News that a reality television show’s camera crews were "embedded" with law enforcement teams that arrested immigrants working on Vancouver construction sites Wednesday (March 14) has sparked some public backlash.
About 80 people gathered outside a Citizenship and Immigration office on Georgia Street today (March 14) to protest what happened, event organizers with No One Is Illegal (NOII) told the Georgia Straight.
NOII’s Harsha Walia described the involvement of the televison show—which is under production for National Geographic Channel—as “vile.”
“The fact that we have essentially embedded journalism in law enforcement is something that should alarm everybody,” she said in a telephone interview. “People are making money and we are consuming entertainment based on the violence of deportation and detention.”
Members of the Canada Border Services Agency (CBSA) conducted raids at at least three construction sites, arresting and detaining people of varying immigration status. The exact number remains unknown. Family members of those arrested reported that some of the men have since been moved to Vancouver International Airport.
Walia added that at least some of the men arrested were asked to sign release forms that would allow them to be identified on television, possibly under duress.
She said that she met with two of the men's wives, and expressed sympathy for those picked up in the raid. Walia described them “hard workers” and “men with families.”
“All these guys, they live in East Van,” she said. “They’re familiar to the community, they use the community centers, their kids are in the school system.”
Meanwhile, the Coalition of Progressive Electors (COPE)—which held two city council seats from 2008-11—issued a press release calling for a ban on the filming of reality shows that “harass residents or workers based on citizenship status.”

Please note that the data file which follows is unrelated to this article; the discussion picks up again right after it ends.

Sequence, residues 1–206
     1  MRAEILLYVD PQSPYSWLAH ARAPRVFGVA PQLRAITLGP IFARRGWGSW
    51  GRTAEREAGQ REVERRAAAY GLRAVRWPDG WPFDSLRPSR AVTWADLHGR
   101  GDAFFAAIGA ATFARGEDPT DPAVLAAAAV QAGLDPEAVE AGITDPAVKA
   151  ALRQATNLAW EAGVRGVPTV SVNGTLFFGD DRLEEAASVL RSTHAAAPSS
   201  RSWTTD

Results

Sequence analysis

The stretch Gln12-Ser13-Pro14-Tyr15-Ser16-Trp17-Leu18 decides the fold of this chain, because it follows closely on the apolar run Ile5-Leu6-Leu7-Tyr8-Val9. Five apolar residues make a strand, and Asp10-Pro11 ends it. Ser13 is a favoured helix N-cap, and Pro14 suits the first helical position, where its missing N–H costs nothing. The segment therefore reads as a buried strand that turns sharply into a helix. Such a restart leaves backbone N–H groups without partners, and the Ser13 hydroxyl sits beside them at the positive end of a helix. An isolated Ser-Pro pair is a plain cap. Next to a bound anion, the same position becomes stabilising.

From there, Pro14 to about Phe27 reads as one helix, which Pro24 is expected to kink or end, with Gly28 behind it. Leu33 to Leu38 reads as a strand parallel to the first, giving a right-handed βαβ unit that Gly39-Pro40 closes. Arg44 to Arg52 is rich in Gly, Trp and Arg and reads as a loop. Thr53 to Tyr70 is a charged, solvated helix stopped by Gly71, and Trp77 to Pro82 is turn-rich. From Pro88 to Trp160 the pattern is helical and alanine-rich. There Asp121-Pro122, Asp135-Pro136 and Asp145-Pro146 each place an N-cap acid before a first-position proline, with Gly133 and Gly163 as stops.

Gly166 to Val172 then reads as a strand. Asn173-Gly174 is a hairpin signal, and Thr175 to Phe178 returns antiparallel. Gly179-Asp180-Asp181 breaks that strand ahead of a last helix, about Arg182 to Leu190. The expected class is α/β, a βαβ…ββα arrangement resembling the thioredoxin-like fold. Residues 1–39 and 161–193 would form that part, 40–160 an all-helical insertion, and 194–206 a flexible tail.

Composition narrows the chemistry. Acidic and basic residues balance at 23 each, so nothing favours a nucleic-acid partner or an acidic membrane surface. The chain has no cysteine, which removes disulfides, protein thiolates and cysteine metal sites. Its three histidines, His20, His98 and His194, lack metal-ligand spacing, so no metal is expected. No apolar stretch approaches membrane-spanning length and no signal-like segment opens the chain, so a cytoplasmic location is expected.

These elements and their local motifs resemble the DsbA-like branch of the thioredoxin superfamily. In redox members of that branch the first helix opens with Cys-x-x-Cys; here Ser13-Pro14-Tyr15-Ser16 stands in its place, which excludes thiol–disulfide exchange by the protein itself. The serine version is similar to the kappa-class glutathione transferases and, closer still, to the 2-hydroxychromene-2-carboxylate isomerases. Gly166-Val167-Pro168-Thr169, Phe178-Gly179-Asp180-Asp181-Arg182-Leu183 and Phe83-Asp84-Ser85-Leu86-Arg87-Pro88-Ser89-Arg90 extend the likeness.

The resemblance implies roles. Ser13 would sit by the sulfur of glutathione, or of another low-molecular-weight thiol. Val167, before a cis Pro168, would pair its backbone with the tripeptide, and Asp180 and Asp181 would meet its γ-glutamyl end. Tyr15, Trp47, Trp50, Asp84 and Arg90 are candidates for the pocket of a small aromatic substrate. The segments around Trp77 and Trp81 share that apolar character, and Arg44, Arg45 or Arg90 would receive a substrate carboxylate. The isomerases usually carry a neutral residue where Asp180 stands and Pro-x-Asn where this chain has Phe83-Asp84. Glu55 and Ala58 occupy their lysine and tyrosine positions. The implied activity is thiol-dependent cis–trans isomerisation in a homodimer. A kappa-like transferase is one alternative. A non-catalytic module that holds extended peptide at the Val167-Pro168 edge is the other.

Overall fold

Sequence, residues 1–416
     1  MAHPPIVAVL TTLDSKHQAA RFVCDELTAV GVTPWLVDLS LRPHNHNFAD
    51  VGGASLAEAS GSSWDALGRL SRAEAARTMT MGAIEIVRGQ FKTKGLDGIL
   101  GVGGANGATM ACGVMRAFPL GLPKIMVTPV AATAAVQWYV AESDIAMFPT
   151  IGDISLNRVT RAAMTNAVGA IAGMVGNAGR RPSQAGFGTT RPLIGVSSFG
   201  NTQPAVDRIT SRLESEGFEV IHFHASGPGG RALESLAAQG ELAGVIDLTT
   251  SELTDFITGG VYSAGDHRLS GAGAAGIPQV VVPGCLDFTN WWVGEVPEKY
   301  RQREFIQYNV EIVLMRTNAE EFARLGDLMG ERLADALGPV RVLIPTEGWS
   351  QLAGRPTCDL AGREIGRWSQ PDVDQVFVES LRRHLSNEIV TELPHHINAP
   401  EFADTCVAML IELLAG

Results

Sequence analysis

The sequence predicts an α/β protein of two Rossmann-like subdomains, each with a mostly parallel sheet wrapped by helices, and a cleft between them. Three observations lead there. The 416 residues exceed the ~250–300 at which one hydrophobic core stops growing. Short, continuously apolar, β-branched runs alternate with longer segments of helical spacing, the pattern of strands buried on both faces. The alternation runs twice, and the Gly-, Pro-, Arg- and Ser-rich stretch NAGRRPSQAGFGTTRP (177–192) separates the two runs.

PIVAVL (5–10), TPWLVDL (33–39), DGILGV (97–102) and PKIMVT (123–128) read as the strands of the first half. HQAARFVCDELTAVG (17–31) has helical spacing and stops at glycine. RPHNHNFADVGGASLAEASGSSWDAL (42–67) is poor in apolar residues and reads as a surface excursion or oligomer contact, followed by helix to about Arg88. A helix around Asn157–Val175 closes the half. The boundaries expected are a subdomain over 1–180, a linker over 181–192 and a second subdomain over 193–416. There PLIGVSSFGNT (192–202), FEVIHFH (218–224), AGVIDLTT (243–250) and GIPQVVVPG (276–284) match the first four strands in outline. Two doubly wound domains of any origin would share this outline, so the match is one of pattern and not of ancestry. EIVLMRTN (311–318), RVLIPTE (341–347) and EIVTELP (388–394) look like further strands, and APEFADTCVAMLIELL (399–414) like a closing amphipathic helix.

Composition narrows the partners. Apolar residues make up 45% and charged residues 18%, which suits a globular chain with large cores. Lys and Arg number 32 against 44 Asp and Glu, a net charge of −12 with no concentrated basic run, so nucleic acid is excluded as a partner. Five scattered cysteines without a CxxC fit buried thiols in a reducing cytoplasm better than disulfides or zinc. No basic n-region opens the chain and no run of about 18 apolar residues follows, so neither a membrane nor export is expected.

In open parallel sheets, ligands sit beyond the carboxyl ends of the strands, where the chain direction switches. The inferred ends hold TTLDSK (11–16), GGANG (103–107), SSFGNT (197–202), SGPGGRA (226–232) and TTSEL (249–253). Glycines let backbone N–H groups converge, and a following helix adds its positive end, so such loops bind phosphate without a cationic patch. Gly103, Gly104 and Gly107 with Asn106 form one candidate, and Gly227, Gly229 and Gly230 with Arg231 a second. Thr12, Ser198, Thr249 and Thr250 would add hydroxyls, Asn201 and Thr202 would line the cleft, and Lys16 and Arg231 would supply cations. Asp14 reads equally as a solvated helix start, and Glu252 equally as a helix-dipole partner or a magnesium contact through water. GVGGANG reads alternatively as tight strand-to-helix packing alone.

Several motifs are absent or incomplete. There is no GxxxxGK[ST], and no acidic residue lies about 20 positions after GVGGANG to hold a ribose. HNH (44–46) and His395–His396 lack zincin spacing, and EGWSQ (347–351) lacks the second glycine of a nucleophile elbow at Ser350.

“COPE believes that the City of Vancouver should not issue permits for film productions which involve targeting residents and workers on the basis of immigration status,” the release states.
CBSA did not respond to a request for an interview. Other media outlets have reported that their requests for comment have also gone unanswered. In a response sent to CBC News, the office of Canadian Public Safety Minister Vic Toews issued a statement noting CBSA’s mandate to remove from the country individuals who violate immigration laws.
According to a National Geographic website, the network is working with CBSA to produce a reality television show called BORDER SECURITY: Canada’s Front Line.
“Follow Canadian border services officers as they intercept suspicious characters and contraband from around the world in an effort to keep us safe, and our health, workforce, and ecosystem secure,” it advertises. “In every episode of Border Security, cameras shadow CBSA officers as they interrogate suspicious passengers who may or may not be hiding something.”
BORDER SECURITY: Canada’s Front Line is scheduled to premiere on the National Geographic Channel on March 21.